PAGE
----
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An Athol man died Saturday night after crashing his motorcycle on U.S. Highway 95 in southern Bonner County.
Sunshine bathed the parade route as the city of Athol celebrated its 101st birthday. As always, a large gathering of spectators lined the parade route where a myriad of entries proudly marched past. A pickup band consisting of members of the Timberlake/Northern Lakes/BLM firefighting units marched to a first-place prize in the band category. Close in second place was the always popular Albeni Falls Pipe and Drum Corps.
The Athol woman whose dog died of a suspected poisoning said her veterinary bills have been covered by generous people throughout the Inland Northwest. “As far as I’m concerned, I have been made whole,” said Kathleen Callahan, whose dog, Paddee, died April 27. “I’ve paid everybody back that I owed money. I’ve sent everybody a picture of Paddee and a nice note.”
Idaho State Police today continued their investigation into a two-car head-on crash that killed a 43-year-old man on U.S. Highway 95 near Athol.
To some folks, Athol is known for its funny name and as a stoplight one must endure whilst traveling between Coeur d’Alene and Sandpoint. Personally, it has a place in my heart for hosting the wonderful Country Boy Cafe, home of the most incredible chicken fried steak, and biscuits and gravy in the Idaho Panhandle.
Dawn broke with a huge change in temperature as the city of Athol lined up for the Athol Daze parade on Aug. 8. Celebrating 100 years of incorporation, this lumber milling town has seen good times and bad, but these days prefers to stay apart from the growth that has overtaken much of the area. After highs reaching almost 100 degrees the week before, the 10 a.m. parade started out at about 50 degrees, but that didn’t stop anyone from participating in the extravaganza. More than 50 parade entries were logged in, as well as a few latecomers that didn’t register.
The celebration is over, but today is Athol’s birthday. The North Idaho town marked its centennial over the weekend at the annual Athol Daze. Named for a Scottish duke and incorporated Aug. 10, 1909, the town initially grew up around a railroad depot and lumber mill at the southern end of Lake Pend Oreille, then boomed during World War II thanks to the formation of the Farragut Naval Station. It’s a lot smaller now, with some 684 residents, according to Census estimates for 2008. That’s the way Mayor Lanny Spurlock likes it. Spurlock, 71, is in his fourth term as mayor. Here is an edited version of an interview with Spurlock last week. Q.Where are you from originally?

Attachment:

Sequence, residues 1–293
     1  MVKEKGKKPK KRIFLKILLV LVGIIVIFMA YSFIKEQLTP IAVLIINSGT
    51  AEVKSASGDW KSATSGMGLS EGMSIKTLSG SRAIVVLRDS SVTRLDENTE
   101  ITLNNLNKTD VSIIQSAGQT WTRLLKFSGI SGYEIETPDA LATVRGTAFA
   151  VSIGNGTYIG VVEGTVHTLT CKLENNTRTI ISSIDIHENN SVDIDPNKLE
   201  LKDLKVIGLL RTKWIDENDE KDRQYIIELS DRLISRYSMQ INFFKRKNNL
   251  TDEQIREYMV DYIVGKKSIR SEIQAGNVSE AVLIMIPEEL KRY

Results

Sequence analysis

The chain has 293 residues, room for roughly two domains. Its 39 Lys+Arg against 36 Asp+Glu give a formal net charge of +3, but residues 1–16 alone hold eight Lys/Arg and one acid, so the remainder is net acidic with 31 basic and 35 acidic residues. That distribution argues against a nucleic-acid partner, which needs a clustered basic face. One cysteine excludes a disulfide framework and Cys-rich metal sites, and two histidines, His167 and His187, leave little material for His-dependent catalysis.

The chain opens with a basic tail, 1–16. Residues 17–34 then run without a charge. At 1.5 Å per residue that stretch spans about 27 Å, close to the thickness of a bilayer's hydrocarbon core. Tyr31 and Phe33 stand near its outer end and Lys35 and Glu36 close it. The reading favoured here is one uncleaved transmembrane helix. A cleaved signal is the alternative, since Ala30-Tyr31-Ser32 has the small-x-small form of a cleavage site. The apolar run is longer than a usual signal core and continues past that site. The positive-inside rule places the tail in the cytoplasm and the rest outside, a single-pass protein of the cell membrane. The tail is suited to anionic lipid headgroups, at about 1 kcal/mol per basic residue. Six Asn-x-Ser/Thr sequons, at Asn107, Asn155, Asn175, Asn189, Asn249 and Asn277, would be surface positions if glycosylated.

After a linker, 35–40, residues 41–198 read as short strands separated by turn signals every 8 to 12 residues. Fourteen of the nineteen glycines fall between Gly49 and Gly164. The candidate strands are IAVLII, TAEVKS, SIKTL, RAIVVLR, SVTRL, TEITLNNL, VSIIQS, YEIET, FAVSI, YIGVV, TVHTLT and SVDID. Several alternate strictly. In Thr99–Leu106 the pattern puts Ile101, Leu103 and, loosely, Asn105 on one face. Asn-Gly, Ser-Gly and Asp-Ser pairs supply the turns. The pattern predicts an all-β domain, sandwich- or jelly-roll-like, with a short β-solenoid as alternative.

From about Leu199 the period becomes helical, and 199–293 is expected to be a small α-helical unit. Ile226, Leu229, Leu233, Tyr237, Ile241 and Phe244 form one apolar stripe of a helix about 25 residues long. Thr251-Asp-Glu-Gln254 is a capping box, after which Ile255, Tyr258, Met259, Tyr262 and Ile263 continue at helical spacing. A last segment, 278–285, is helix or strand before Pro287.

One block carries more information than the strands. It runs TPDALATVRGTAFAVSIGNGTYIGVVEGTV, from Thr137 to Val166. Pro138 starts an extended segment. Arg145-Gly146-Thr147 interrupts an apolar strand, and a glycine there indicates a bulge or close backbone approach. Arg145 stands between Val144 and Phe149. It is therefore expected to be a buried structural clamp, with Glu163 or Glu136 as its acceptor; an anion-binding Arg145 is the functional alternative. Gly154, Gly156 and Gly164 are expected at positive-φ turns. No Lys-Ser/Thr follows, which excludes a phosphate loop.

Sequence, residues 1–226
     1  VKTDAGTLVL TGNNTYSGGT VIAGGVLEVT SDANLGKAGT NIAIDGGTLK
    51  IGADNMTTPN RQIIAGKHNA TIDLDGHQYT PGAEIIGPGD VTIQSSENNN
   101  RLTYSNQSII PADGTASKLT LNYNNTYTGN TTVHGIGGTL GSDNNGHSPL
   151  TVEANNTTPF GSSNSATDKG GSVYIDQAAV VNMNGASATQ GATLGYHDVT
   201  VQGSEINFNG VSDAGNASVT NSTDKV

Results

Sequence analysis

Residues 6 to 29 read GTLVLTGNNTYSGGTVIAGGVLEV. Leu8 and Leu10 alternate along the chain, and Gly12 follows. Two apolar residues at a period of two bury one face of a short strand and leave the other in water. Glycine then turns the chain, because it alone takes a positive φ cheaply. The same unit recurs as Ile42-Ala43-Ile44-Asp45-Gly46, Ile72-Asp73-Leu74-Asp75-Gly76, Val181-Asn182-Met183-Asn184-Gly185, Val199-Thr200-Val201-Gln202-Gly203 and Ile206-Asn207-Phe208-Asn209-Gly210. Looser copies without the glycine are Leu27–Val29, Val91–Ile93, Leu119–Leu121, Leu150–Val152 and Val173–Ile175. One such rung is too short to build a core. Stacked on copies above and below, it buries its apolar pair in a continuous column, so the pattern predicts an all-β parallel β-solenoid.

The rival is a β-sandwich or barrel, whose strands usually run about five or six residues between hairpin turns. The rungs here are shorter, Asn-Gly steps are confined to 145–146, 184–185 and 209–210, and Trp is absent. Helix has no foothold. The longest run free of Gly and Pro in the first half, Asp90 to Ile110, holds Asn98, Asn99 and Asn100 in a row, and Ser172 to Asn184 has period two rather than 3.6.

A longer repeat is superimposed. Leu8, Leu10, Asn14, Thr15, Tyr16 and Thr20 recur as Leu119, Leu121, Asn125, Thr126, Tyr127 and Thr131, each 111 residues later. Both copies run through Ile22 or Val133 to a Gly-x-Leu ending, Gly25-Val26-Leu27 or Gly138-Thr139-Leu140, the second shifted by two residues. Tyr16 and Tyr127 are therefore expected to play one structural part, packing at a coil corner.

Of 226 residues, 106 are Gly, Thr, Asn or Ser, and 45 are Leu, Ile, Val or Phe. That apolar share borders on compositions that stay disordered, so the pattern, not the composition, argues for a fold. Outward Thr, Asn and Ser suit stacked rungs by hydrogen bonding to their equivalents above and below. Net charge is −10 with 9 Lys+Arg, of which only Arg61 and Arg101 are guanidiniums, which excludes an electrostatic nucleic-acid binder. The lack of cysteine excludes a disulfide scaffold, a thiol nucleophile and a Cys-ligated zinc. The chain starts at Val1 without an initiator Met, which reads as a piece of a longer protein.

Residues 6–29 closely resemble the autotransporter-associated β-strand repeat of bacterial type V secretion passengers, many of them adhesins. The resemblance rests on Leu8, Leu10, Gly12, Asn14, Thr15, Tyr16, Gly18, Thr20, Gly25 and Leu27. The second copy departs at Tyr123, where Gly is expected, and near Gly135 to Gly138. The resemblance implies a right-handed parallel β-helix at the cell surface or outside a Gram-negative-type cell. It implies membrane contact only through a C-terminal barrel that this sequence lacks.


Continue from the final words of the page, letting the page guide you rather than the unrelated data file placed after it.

Stereotyping would have the elderly sitting in rockers, legs covered with an afghan. That may or may not have been true in past years. With better health care and diets, people are not only living longer, but staying active at a later age, too. The Retired and Senior Volunteer Program is a part of a larger group. The parent organization is the National Senior Service Corps, a federally-funded organization. People over the age of 55 volunteer for a number of activities through RSVP, in schools, law enforcement, gardening skills training and community health organizations.
A fight over income tax returns ended in an Athol man backing his car into his pregnant wife today, according to the Kootenai County Sheriff's Department. Jerry Booker, 25, was jailed on an aggravated battery charge after deputies say he knocked his estranged wife, Kimberly Booker, 24, who is eight months pregnant, to the ground with his car in the parking lot of Wells Fargo bank, 204 W. Hayden Avenue in Hayden. The couple had been arguing about taxes when Jerry Booker tried to drive away and Kimberly Booker stood behind his car and tried to call police, a news release said. Jerry Booker's past criminal charges include accessory to a felony, two probation violations, grand theft and three counts of forgery, according to the sheriff's department.
Athol is famous for more than its name. People in this area seem to raise rather exotic animals. We have the Zebra Lady in the Silver Meadows area, and just down the street resides Jeannene Christ and too many strange animals to count. There are a number of pygmy goats, horses, dogs and camels.
Christmas is a time of good cheer, a time of renewal, a time when families get together for worship or tradition or both. Bad news isn’t particularly appropriate for the season, but bad news there is, and like all unfortunate stories, there is usually a silver lining. Recently, the Saddle Up Grill burned. Owned by Howie and Suz White, the Athol restaurant proudly put out smoked prime rib and other delectables. The ultimate smoke occurred on Dec. 17 at about 4 a.m. Apparently started from a portable heater in the seating area, it spread rapidly. Fortunately, the Timberlake Fire District main station is only a few blocks away and they responded quickly, limiting the damage and saving the kitchen.